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, 5 Suppl A, S367-9

Microbiology of Early CF Lung Disease


Microbiology of Early CF Lung Disease

Lisa Saiman. Paediatr Respir Rev.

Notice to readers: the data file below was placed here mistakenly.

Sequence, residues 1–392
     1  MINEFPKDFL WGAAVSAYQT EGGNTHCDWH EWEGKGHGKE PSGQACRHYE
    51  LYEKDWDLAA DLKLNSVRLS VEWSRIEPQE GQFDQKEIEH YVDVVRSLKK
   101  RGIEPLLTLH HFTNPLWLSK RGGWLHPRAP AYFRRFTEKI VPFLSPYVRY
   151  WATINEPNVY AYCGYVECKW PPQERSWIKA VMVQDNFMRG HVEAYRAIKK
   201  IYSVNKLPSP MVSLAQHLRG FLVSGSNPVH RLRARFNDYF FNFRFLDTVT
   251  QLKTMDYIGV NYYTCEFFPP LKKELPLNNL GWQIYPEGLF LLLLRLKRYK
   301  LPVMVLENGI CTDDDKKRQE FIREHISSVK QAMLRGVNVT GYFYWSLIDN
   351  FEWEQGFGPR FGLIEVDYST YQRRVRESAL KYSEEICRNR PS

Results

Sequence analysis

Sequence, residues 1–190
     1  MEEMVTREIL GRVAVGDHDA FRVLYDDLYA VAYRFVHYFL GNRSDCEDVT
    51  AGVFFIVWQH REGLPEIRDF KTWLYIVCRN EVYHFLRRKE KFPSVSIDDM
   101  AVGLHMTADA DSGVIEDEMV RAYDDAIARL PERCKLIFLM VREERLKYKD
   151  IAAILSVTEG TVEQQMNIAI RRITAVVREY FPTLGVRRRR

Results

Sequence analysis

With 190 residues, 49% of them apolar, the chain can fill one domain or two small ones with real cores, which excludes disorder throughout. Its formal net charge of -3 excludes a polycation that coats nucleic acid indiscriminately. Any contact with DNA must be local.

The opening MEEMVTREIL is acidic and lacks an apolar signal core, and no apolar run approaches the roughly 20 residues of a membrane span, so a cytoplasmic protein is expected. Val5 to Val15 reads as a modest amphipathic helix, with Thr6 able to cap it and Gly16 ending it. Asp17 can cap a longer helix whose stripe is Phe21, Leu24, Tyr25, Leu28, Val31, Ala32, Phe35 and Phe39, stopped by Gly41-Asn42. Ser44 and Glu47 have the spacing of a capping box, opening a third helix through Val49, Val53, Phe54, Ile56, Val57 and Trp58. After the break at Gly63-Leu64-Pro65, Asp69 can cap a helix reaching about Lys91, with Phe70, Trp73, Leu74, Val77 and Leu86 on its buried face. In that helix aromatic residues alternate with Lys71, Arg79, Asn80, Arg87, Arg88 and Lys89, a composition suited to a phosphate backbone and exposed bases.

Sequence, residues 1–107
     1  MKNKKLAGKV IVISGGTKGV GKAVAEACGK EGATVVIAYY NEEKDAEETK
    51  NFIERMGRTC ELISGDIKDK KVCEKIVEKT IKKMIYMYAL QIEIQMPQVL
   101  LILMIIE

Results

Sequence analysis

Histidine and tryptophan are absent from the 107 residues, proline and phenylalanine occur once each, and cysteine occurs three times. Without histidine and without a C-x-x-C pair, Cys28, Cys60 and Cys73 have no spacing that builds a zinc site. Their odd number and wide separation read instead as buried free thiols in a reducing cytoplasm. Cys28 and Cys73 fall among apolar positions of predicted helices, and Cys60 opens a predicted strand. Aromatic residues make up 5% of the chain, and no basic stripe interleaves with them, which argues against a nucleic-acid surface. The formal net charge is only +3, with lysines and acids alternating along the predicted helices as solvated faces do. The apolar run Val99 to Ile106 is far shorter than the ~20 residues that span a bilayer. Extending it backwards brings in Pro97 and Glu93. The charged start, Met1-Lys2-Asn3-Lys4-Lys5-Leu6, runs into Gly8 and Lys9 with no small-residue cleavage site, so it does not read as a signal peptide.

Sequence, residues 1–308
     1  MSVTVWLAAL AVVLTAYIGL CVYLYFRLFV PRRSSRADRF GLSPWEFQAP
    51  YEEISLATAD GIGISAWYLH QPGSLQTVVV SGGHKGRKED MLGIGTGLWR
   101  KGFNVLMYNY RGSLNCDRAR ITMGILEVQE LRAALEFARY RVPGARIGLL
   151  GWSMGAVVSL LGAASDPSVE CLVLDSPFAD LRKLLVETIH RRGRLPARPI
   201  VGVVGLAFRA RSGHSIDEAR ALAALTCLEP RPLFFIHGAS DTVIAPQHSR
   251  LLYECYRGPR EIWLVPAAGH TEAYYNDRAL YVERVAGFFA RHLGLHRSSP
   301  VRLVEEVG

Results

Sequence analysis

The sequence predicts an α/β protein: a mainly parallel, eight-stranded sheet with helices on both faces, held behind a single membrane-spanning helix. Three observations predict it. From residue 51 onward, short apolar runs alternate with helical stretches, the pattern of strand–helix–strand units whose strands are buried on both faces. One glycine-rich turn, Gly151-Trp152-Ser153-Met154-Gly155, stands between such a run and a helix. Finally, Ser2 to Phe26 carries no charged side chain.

Recent bronchoscopy studies using assays to measure inflammation and molecular typing techniques have facilitated an increased understanding of the early events that occur within the lungs of young children with cystic fibrosis and provided additional insights into the natural history of lung disease in children. In 2000, the US CF National Patient Registry data showed that among 1000 infants <2 years of age, the first bacterial pathogens detected are Haemophilus influenzae, Staphylococcus aureus, and Pseudomonas aeruginosa and the prevalence of these pathogens in these young infants are 19%, 42%, and 29%, respectively. In addition, 7% harbour Stenotrophomonas maltophilia and <1% harbour Burkholderia cepacia complex. Several investigators have performed bronchoscopy studies on young infants to further examine the natural history of lung disease. In one such study of 40 CF infants, 65%, 63% and 70% of children at 1, 2, and 3 years of age harboured at least one CF pathogen. H. influenzae was most common (38%) in infants at 1 year of age, and S. aureus was most common in 2 (37%) and 3 (36%) year olds. P. aeruginosa increased from 18% at 1 year of age to 33% at 3 years of age and was usually present in high numbers, i.e., > or =10(5) CFU/ml of BAL fluid. Investigators have studied the microbiology of young CF infants using specimens derived from the upper airway (deep throat) compared with the lower airway (broncheoalveolar lavage specimens) to determine if the upper airway is predictive of pathogens in the lower airway. In general, these studies have shown that a negative oropharyngeal culture indicated that isolation of P. aeruginosa from the lower airway was unlikely, but a positive culture did not predict lower airway infection. Similar findings were noted for H. influenzae and S. aureus.

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